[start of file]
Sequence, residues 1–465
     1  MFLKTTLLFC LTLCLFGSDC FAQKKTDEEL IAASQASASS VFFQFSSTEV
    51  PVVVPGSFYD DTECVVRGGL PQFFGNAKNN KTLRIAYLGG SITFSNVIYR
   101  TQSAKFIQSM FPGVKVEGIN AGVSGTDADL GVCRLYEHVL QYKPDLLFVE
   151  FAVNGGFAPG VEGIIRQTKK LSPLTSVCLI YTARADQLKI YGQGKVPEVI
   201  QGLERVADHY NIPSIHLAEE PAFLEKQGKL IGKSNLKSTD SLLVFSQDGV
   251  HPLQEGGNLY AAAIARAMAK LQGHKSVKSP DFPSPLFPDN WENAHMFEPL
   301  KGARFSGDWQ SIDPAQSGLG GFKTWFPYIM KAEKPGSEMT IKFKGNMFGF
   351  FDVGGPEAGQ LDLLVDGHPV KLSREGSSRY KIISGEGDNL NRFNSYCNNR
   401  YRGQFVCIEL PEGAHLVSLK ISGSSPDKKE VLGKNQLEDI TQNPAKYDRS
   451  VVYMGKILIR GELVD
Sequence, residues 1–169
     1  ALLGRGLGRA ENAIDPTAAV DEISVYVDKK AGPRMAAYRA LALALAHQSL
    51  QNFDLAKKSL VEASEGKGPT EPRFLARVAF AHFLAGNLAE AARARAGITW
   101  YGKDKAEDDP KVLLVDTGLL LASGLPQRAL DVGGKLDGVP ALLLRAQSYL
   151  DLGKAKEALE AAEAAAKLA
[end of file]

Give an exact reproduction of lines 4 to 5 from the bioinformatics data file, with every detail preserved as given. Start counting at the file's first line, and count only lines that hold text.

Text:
   101  TQSAKFIQSM FPGVKVEGIN AGVSGTDADL GVCRLYEHVL QYKPDLLFVE
   151  FAVNGGFAPG VEGIIRQTKK LSPLTSVCLI YTARADQLKI YGQGKVPEVI